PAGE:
Babolat Pure Drive 2021 Review

by Jonas Eriksson

I called the first post about this racquet “PD 2020”, but it’s actually a Babolat Pure Drive 2021 Review.

Babolat usually release new updates to their racquets every three years. Most manufacturers do 2-3 years in between an update and I think that’s a pretty sensible rhythm if there are improvements/changes made to the frame. In the case of new Pure Drive, it’s made from the same mold as the 2018 edition, but it’s more dampened and offers a slightly softer and more muted feel. In this Babolat Pure Drive 2021 review, I also got some opinions from one of my tennis friends, Matthew Cassar Torregiani, who liked the frame, but thought it was a bit too much of the good stuff for him.

That’s the thing with the Pure Drive in general. This iconic racquet line that in a way changed a lot of the game, is made for players looking for free power in a pretty easy-to-use racquet. The standard formula of what makes the Pure Drive so popular among club players (up to the WTA tour), is still there, but each generation offers a slight tweak to the feel, the string pattern and the technologies inside. Let’s look at what’s new in the 2021 Pure Drive.


In the 2021 version, Babolat has added something called an HTR system, which is a different layup supposed to give more power. More importantly, to increase the comfort in this traditionally very stiff line of racquets, there is also SWX Pure Feel, a viscoelastic rubber between the carbon layers of the racquet. I think this change is really noticeable and in my opinion, improves the feel quite a bit compared to several of the previous Pure Drives.


There is not much to talk about when it comes to the specs. They have pretty much remained over the years, with very slight changes. Below are the listed unstrung specs.

Head Size:100 in² / 645.16 cm²
Length:27in / 68.58cm
Unstrung Weight: 300g
Balance: 32 cm / 7 pts HL
Swingweight: 290
Stiffness: 74
Beam Width: 23mm / 26mm / 23mm
Composition: Graphite
String pattern: 16/19

My racquet was, however, a bit over spec: 306g, 32.3 cm balance, and 300 SW (!). If you like more stability and can handle the heavy swing weight, this is good, but for most players, it will feel a bit heavy. I also generally believe that racquets that are below the listed spec leave room for customization, while racquets over spec can leave a player without options. I really hope Babolat the other big tennis brands can follow Yonex in their approach to quality control. Among the top brands, they are by far the best in the QC department.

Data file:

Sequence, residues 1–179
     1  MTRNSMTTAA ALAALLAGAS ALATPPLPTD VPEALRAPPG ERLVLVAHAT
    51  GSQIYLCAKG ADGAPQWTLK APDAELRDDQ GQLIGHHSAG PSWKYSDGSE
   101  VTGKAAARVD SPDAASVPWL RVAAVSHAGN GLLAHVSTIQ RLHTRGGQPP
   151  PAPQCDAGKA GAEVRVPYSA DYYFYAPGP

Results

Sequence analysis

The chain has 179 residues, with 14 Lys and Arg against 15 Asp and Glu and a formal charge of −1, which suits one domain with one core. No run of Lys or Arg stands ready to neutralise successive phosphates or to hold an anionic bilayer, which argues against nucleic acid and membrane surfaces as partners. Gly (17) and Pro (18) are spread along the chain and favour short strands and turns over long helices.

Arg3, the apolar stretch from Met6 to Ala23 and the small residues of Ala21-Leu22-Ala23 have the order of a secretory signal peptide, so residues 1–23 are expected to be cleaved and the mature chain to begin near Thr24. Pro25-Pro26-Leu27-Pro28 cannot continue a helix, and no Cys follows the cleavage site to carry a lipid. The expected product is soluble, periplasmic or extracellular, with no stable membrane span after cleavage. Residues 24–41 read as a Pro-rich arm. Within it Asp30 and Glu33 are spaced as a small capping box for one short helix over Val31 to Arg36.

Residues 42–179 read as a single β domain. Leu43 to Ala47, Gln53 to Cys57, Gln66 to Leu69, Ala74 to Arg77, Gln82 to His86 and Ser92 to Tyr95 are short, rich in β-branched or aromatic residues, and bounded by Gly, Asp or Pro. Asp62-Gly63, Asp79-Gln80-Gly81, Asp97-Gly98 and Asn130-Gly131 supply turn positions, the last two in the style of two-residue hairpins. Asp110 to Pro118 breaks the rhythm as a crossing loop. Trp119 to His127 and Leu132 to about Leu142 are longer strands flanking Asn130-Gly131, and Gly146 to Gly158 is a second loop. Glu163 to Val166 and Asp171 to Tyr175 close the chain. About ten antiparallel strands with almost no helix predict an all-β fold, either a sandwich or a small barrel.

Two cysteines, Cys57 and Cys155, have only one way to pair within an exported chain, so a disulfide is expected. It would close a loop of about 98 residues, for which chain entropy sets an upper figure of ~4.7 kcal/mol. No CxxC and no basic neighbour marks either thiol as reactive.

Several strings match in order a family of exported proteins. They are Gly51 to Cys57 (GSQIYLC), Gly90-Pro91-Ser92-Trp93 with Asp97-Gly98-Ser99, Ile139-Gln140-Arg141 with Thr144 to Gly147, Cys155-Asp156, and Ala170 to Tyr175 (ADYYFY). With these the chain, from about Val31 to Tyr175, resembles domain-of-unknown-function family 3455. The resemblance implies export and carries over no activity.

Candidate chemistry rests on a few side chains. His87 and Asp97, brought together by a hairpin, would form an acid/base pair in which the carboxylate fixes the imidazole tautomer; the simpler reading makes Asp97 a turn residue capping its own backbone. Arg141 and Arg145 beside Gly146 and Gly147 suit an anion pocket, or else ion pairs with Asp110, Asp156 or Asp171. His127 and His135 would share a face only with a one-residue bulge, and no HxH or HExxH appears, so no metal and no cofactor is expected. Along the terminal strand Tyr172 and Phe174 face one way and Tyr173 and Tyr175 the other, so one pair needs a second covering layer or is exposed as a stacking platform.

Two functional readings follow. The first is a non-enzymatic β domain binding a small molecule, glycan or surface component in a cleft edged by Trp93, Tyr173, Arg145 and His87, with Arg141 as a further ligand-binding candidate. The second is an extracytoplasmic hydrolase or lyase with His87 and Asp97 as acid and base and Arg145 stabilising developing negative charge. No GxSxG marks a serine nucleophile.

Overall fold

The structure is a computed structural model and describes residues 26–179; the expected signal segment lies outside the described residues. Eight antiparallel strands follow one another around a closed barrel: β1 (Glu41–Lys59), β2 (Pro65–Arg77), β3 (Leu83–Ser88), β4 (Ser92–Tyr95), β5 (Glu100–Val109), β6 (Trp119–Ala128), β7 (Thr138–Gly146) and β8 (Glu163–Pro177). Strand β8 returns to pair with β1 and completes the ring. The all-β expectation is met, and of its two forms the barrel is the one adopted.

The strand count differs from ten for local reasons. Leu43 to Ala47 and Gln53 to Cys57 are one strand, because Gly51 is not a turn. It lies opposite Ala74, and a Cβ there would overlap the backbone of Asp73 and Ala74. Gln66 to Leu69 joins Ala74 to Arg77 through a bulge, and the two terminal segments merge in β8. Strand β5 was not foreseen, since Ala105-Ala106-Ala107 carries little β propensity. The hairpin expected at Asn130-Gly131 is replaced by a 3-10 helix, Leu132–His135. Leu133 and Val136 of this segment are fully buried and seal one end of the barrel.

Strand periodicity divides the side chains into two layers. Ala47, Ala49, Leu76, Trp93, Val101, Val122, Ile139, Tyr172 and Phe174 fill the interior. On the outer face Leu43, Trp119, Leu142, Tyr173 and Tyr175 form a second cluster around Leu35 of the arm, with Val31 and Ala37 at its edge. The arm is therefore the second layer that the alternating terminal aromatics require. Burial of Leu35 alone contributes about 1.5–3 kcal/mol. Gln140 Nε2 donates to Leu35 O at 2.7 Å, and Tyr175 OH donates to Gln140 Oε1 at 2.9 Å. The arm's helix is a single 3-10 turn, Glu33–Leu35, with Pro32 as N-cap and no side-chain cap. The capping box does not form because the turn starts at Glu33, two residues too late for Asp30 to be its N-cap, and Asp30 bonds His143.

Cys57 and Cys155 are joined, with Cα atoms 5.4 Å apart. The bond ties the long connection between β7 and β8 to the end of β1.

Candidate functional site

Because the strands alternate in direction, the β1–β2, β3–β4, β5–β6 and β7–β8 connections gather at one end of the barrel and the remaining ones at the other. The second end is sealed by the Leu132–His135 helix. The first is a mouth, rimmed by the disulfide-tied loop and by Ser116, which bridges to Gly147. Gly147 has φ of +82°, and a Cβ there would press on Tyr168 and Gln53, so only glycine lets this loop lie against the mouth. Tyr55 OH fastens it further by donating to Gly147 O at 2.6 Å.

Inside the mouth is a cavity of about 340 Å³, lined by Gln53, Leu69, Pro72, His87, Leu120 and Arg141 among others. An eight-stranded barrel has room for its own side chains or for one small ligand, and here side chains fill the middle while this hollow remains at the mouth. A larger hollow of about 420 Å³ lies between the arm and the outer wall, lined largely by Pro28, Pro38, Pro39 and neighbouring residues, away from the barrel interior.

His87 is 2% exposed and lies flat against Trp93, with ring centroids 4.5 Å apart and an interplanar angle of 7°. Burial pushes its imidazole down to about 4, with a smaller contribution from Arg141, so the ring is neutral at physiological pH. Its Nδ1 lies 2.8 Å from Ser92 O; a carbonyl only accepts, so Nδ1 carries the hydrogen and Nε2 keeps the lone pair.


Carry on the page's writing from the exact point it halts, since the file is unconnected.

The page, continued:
I strung it up with String Project Armour 1.25 at 55 lbs/ 25 kg, added an overgrip and got the following strung specs:

328.7g, 32.7 cm balance and 333 SW (!) which is a remarkably beefy spec for a so-called tweener frame.

How does it play?

The Babolat Pure Drive 2021 is more dampened and feels more comfortable than the predecessor. My spec was quite cumbersome to swing for a racquet that is supposed to be a game-improvement frame, but it’s probably just a standard quality control issue.

I did also feel like this racquet handled flatter shots better than the 2018 version, which tended to launch balls on me from time to time. From my point of view, this frame is a clear improvement.

It’s got a lot of power. It’s the obvious thing for a Pure Drive, but it’s good to remind players that unless raw power is what you’re after, then this one might be difficult to control. My friend Henrik Wallensten reviewed this frame favorably a while back, ended up buying a bunch for competitive play, but has started to feel a bit of tennis elbow recently, so if you have a sensitive arm, I think this racquet will be too stiff, no matter what dampening technology is involved.

The target group for this frame is pretty obvious though. Players looking for extra power in a racquet that’s easy to swing. It has a big sweet spot and is a good choice for lower-level intermediate players who need help with depth on their shots.

Here is my bullet list about the new Pure Drive 2021.

  • Same mold as 2018, but improved feel
  • Key update SWX Pure Feel to dampen vibrations
  • Better comfort, but still stiff
  • Easy to generate power and spin
  • Big sweetspot
  • Easy to use, but difficult to control for players who hit big

If POWER is what you want, the Pure Drive is an obvious demo. But players with arm concerns should think twice and perhaps consider softer frames like Gravity or Clash racquets. One way to improve comfort is to string this racquet with a multifilament like Tecnifibre Triax or Wilson NXT which will give you even more pop. But the durability of that setup will not be great.

This is not a racquet for me or my game, but if easy power and spin are what you’re after and you’re not suffering from any arm issues, the Babolat Pure Drive 2021 is a solid choice. It’s simply an extremely popular racquet for a reason.

Have you tried the new Babolat Pure Drive 2021? 

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Torsten October 27, 2020 - 17:14

How does it compare to Head speed 360+ MP?

Stu Rosansky May 3, 2021 - 13:57

I see you thought this racket was to heavy for your taste. If that is true don’t try the tour version. I had to add weight to add power. I am 71years old and have no problem handling the swing weight of the tour. The reason people get tennis elbow is because there racket is too light and there technique is abbreviated. The one thing I didn’t like about the 2021 tour is that the feel is totally muted. However, I’m adjusting .


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